Recently, there has been a rising trend in companies dropping the need to have a four-year college degree. This has raised several interesting questions as to whether this is a wise decision or not.
However, whenever a decision is made, it is essential to look at the pros and cons of the decision. As such, there is no benefit to attacking companies that have chosen to remove a four-year degree from their expectations. Instead, it is better to look at what is gained and what is lost when such a decision is made. This discussion will limit the pros and cons to businesses, workers, and higher education. There are other stakeholders in this situation, but they will not be covered here.
For business, dropping the requirements for a college degree opens up a much larger pool of workers. Some statistics estimate that about 35% of Americans have a degree. This means that companies are currently limited from considering almost 2/3 of the population if they stick to their degree requirement. By removing this standard many, more people can be considered for employment.
As the workforce expands, it will also provide many employers with more flexibility in hiring, firing, and perhaps wages. With so many more potential employees could potentially put in a stronger position of power in terms of employee relations. Of course, this assumes that people without degrees have the skills and training necessary to do the job.
For the worker, there is a reduction in the cost of school. Now, there is no need to spend thousands of dollars while often going into debt to secure a job. The price of college has skyrocketed to the point of being unreasonable priced for many individuals. As such, a shortcut into the tech field without spending time in school is an attractive idea for many people.
Barriers to entry is a term often discussed in business. For workers, a barrier to entering decent employment could be a degree. With companies removing this requirement, people can potentially find not just a job but a decent paying career through which they can support a family.
One benefit of higher education is that only students who want to go to college will continue to go. The current expectation of going to college has often coerced many students who do not want to be there to go because it was assumed to be the only way to find a decent job. This left colleges with many students who were “putting in the time” and pressuring schools to lower standards so that they could succeed. Grade inflation has also been an important topic in higher education, and this may be due in part to people studying who may not want to study.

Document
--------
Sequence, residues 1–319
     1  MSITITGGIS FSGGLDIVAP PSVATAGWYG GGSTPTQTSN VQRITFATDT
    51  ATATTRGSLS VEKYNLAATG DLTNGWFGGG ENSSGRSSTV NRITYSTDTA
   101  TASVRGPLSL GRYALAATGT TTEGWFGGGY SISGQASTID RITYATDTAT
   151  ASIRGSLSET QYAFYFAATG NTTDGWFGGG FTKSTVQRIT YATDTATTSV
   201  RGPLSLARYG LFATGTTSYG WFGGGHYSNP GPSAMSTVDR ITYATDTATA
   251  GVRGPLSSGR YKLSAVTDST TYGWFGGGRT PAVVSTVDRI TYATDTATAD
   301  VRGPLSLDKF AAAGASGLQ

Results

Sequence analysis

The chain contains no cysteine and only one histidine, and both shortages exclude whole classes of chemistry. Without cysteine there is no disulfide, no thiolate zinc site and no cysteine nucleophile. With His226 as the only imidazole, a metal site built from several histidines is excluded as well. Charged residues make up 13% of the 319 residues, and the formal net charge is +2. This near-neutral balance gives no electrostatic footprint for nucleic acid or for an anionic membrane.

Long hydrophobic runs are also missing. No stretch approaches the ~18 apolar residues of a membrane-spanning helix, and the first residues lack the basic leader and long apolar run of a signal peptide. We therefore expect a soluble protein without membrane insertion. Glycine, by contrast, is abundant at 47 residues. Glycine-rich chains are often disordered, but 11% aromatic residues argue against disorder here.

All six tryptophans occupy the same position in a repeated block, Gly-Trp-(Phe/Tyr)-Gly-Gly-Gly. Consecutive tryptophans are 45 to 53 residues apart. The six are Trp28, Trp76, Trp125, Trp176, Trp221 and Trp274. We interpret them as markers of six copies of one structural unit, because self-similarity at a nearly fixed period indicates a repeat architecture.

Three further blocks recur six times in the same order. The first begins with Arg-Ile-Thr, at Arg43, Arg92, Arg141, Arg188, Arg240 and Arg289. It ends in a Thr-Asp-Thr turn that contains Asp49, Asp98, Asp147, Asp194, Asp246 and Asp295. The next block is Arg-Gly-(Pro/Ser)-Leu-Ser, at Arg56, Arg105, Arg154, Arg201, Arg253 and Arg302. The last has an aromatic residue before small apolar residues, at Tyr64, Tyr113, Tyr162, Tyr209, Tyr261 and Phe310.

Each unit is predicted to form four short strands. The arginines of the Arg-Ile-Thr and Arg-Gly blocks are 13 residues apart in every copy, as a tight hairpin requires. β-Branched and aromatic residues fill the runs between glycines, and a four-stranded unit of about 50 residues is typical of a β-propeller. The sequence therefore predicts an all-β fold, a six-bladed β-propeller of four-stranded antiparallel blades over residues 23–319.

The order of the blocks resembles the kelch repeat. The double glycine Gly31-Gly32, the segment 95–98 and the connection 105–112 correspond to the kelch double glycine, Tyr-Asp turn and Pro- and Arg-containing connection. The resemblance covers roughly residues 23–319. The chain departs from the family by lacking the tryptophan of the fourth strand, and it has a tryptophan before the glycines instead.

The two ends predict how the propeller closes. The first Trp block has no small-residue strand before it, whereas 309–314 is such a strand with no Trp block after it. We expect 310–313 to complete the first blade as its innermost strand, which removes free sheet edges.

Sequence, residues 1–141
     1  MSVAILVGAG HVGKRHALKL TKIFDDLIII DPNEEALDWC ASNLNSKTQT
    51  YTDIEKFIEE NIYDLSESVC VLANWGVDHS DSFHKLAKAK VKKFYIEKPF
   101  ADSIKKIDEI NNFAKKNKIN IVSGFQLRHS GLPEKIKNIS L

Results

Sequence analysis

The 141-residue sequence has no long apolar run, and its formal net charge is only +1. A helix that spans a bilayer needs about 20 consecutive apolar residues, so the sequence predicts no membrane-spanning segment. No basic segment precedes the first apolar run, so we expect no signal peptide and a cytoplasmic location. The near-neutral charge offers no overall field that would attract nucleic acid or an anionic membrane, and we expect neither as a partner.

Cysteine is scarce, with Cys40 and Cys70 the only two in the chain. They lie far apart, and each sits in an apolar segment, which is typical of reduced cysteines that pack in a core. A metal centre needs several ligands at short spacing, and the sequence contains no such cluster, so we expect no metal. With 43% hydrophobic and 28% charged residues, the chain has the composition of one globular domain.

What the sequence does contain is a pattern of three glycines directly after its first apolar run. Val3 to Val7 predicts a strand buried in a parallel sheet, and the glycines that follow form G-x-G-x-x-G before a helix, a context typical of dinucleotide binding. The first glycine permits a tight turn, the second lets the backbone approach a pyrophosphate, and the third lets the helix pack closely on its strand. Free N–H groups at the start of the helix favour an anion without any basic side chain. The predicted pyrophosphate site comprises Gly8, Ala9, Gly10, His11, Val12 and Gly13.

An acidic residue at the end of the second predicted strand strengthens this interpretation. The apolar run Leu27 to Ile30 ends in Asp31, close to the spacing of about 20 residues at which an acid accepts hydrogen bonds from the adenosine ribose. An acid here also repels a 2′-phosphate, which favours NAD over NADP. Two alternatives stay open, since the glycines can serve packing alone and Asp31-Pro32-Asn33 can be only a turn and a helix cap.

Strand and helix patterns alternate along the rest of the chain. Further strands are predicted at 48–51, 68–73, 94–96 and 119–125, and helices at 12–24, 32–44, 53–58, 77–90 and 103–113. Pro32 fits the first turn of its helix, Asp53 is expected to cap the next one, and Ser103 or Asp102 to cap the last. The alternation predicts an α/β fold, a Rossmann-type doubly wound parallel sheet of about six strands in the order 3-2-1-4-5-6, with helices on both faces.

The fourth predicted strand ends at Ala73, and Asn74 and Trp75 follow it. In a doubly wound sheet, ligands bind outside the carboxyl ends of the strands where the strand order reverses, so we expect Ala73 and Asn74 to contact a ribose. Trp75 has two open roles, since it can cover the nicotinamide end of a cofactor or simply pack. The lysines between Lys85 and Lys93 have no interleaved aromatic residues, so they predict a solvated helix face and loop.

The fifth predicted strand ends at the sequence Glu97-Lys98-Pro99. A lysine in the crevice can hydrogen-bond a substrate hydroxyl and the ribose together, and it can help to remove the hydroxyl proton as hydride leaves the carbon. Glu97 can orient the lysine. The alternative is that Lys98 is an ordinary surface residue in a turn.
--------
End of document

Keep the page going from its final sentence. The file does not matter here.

Of course, those who want to study should study, and colleges should work with them to be successful. However, if a student is genuinely not interested in school, a pathway to employment should be available as well. It is not about having one answer for all people but many options for different types of people.
No plan is perfect, and dropping college is going to cause problems as well. For business, they will have to spend more time training workers for the various skills and knowledge they need, negating whatever savings they make on wages.
College is frequently criticized for not being practical. However, what college does provide is the development of communication skills, learning how to work with others, as well as a general body of theoretical knowledge that the student will learn to use upon graduation. Remove college from the equation, and developing these and other skills falls on the employer.
Another potential problem for both workers and employers is the lack of advanced skills. If someone does not have a bachelor’s degree, they obviously will not have a master’s or other forms of advanced training. This could lead to workers who are only good at one particular thing and cannot branch out and see connections among various concepts and skills related to their employment.
Lastly, there could be a loss of many students at college. This has not happened just yet, but if there are attractive careers out there that do not require a degree, many colleges could lose many students. This will impact professors, staff, administrators, and others who are connected with higher education. It is not clear how popular removing the bachelor’s degree requirement will become, but it could be financially disastrous for higher education institutions.
Dropping the requirement to go to college is not a bad idea in of its self. This idea will solve some problems, but like all solutions, it will also cause problems. Instead, multiple answers should be developed to help employers find workers and young people who may not be interested in higher education.